As the saying goes, “You cannot control what you cannot measure.” In the software testing world control is the key to success, so the ability to clearly measure tests and track results effectively is essential. Historically, the results of automation have only been discussed generally and vaguely: is it helping the team? Is it helping the managers? Is it improving the quality of the product?
Ask any product manager or QA lead what the most valuable tool is in their quiver. Chances are good that they’ll say the name of a well-known test automation tool. Acquiring a powerful automation tool is great, but working with a QA provider that knows the tool well and can fully leverage it for best results is a true gamechanger.
Product companies who balked at QA outsourcing in the past are now running to it with open arms. Rapid release schedules along with high overhead costs have QA Managers and CTOs searching for a solution that is affordable, not cheap. Enter outsourcing!
Opening up your product to a skilled, dedicated offshore team comes with too many advantages to list here, but rest assured -- there are many. But the one aspect of outsourcing that many still worry about is communication. How can you be sure that your QA partner will communicate with you promptly, clearly and without any technical hang-ups?
Though QA is very closely linked to programming and software development, it is a separate industry with its own distinct culture and thought leaders. There are plenty of online resources for expanding your testing skills, but where does one turn for more candid, personal perspectives from within the QA world? The blogosphere, of course!
Whether you’re a Director of QA trying to keep up with the latest testing trends or a budding test engineer looking for relevant leisure reading, this list of QA blogs will keep you occupied and informed.
In the Bay Area and Silicon Valley there is unparalleled growth of new tech and startup culture. With so many companies focused on innovating in their markets, where do they find time to test their product and ensure that it meets quality standards? Usually, they don’t -- a third-party testing provider finds the time for them.
For product companies, there’s never been a better time to be in the market for QA. Similarly, there’s never been a better time to be a QA engineer. Companies are releasing high-value products that shape the way users engage with the world, and they need high-caliber testing to protect customer experience, stakeholders and their market share.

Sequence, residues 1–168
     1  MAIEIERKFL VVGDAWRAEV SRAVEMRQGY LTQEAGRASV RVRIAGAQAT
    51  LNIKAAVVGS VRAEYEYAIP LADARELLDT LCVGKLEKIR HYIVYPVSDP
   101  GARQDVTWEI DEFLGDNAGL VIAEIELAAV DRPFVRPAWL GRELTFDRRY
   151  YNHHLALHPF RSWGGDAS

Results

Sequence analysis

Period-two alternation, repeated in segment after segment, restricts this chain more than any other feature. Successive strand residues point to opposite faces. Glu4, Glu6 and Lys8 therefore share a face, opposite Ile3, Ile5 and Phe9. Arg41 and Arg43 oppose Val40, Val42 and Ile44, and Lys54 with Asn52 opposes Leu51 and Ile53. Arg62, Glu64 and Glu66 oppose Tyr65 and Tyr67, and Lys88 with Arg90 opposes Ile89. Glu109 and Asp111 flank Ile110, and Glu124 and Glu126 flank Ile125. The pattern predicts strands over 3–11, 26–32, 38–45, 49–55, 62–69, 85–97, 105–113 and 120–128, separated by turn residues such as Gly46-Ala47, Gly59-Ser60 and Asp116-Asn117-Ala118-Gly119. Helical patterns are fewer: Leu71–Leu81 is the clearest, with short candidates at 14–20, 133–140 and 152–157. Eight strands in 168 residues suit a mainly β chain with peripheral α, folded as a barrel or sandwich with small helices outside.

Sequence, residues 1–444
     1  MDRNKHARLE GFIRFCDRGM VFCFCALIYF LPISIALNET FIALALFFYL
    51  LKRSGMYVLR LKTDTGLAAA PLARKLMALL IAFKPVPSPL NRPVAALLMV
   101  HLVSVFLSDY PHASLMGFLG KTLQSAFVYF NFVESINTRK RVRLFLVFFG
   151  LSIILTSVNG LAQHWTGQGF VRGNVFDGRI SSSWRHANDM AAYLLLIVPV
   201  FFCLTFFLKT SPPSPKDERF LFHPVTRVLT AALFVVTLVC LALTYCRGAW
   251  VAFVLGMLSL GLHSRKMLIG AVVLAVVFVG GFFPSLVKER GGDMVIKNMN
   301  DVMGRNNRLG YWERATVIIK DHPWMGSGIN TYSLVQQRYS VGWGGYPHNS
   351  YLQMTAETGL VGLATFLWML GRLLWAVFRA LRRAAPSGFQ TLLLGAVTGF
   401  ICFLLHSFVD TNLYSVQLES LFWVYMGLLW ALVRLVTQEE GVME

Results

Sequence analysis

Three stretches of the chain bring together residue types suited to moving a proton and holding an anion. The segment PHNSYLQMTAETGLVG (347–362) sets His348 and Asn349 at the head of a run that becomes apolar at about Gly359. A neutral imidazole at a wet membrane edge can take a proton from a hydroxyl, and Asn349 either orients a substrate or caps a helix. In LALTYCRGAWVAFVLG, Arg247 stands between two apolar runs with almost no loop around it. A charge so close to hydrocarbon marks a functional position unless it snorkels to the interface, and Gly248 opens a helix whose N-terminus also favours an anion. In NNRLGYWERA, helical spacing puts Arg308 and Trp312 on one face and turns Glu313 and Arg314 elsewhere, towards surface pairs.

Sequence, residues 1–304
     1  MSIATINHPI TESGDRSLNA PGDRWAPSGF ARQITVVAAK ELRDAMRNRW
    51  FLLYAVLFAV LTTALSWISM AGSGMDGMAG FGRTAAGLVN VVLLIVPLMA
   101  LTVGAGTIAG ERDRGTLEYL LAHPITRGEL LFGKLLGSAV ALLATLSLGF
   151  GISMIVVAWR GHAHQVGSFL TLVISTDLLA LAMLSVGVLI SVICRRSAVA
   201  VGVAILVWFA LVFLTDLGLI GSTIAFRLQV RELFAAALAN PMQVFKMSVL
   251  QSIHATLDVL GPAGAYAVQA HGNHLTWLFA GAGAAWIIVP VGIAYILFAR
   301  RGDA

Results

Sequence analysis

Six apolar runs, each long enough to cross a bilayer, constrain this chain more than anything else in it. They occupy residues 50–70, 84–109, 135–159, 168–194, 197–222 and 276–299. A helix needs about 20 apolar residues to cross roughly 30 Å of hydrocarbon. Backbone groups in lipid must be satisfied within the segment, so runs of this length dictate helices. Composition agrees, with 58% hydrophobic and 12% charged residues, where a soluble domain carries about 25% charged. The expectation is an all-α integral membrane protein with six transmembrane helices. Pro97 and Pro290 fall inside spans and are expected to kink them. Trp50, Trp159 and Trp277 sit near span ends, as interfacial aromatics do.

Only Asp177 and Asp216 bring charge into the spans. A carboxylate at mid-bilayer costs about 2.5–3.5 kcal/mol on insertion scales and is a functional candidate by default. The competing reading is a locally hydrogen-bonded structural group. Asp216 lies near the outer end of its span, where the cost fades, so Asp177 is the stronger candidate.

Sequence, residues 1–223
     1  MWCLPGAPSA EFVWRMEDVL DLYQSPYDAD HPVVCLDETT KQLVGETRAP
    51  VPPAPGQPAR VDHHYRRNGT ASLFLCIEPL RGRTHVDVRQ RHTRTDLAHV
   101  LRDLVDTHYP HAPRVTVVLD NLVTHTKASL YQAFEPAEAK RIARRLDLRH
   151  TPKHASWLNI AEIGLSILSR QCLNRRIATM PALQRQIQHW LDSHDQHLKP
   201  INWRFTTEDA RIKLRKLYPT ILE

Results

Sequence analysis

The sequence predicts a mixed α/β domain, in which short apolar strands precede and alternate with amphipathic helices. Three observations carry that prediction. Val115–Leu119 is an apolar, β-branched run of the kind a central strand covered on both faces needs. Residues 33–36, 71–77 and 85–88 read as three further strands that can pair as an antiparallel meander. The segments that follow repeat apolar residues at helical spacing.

Effective QA is not made or broken by any one thing. Rather, it’s a combination of all the right stuff: knowledge transfer, skilled engineers, great team culture, and the appropriate testing methodologies. When all of the checkboxes are marked, the result is a successful project and a stronger product that’s ready for market.
There’s a lot of talk on the streets about automation. But trust us when we say it’s more than just a hot buzzword. In fact, test automation is one of the most effective solutions you can adopt as a growing product company. Speeding up slow, time-consuming manual testing is one of the biggest value propositions for automation -- but what are some of the other reasons why so many of your colleagues (and competitors) are buying into it?
When your QA team is in-house, you’ve got several things going for you. First, the team is already familiar with the product and the company culture. Second, communication between the dev and QA teams is simple -- a test engineer just walks down the hall to find a developer, and vice versa. Though these are undeniably valuable benefits of having QA under the same roof as dev, experienced testing partners help bridge the gap between onsite and outsourced teams with a project kick-off meeting and several important QA processes.
Good question! But unfortunately, choosing the perfect test automation tool has little to do with playing favorites and everything to do with requirements and the various parameters you’ve set for your project. In terms of language, the closest we’ll get to “favorite” is “most widely applicable” or “commonly used”.